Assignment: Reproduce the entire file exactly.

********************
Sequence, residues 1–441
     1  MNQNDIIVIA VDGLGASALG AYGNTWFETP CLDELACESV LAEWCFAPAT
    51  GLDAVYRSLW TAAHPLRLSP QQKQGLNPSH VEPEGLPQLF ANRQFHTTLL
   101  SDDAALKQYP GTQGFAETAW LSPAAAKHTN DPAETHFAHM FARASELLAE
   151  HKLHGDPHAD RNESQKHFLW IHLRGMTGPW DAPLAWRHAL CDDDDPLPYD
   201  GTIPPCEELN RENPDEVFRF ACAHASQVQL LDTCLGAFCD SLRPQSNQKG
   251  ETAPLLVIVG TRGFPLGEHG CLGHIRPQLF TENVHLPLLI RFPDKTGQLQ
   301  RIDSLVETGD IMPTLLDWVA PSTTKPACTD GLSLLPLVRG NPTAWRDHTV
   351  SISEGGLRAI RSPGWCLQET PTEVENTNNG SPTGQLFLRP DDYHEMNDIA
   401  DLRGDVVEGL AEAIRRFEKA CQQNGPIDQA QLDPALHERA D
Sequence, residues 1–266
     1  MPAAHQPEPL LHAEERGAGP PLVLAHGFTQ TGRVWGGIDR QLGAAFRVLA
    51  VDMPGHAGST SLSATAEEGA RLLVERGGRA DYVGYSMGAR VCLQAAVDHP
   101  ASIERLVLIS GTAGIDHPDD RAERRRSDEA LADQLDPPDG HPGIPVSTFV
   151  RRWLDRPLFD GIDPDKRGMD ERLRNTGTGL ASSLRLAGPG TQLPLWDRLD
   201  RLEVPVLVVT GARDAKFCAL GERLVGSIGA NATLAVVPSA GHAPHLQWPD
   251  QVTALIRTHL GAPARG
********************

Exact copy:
Sequence, residues 1–441
     1  MNQNDIIVIA VDGLGASALG AYGNTWFETP CLDELACESV LAEWCFAPAT
    51  GLDAVYRSLW TAAHPLRLSP QQKQGLNPSH VEPEGLPQLF ANRQFHTTLL
   101  SDDAALKQYP GTQGFAETAW LSPAAAKHTN DPAETHFAHM FARASELLAE
   151  HKLHGDPHAD RNESQKHFLW IHLRGMTGPW DAPLAWRHAL CDDDDPLPYD
   201  GTIPPCEELN RENPDEVFRF ACAHASQVQL LDTCLGAFCD SLRPQSNQKG
   251  ETAPLLVIVG TRGFPLGEHG CLGHIRPQLF TENVHLPLLI RFPDKTGQLQ
   301  RIDSLVETGD IMPTLLDWVA PSTTKPACTD GLSLLPLVRG NPTAWRDHTV
   351  SISEGGLRAI RSPGWCLQET PTEVENTNNG SPTGQLFLRP DDYHEMNDIA
   401  DLRGDVVEGL AEAIRRFEKA CQQNGPIDQA QLDPALHERA D
Sequence, residues 1–266
     1  MPAAHQPEPL LHAEERGAGP PLVLAHGFTQ TGRVWGGIDR QLGAAFRVLA
    51  VDMPGHAGST SLSATAEEGA RLLVERGGRA DYVGYSMGAR VCLQAAVDHP
   101  ASIERLVLIS GTAGIDHPDD RAERRRSDEA LADQLDPPDG HPGIPVSTFV
   151  RRWLDRPLFD GIDPDKRGMD ERLRNTGTGL ASSLRLAGPG TQLPLWDRLD
   201  RLEVPVLVVT GARDAKFCAL GERLVGSIGA NATLAVVPSA GHAPHLQWPD
   251  QVTALIRTHL GAPARG